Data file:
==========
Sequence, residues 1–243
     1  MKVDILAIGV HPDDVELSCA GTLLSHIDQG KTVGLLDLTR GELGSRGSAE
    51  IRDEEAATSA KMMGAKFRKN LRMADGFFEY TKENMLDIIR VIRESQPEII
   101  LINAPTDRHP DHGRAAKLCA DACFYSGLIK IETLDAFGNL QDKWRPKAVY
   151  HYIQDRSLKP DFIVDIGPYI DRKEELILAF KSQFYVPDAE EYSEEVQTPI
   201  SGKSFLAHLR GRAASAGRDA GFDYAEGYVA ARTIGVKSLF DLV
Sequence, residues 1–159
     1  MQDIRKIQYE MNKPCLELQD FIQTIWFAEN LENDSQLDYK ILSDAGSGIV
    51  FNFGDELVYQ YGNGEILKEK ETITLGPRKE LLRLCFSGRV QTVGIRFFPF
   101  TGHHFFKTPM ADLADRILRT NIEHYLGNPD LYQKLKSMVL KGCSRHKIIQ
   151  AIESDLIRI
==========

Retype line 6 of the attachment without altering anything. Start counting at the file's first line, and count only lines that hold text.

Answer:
   201  SGKSFLAHLR GRAASAGRDA GFDYAEGYVA ARTIGVKSLF DLV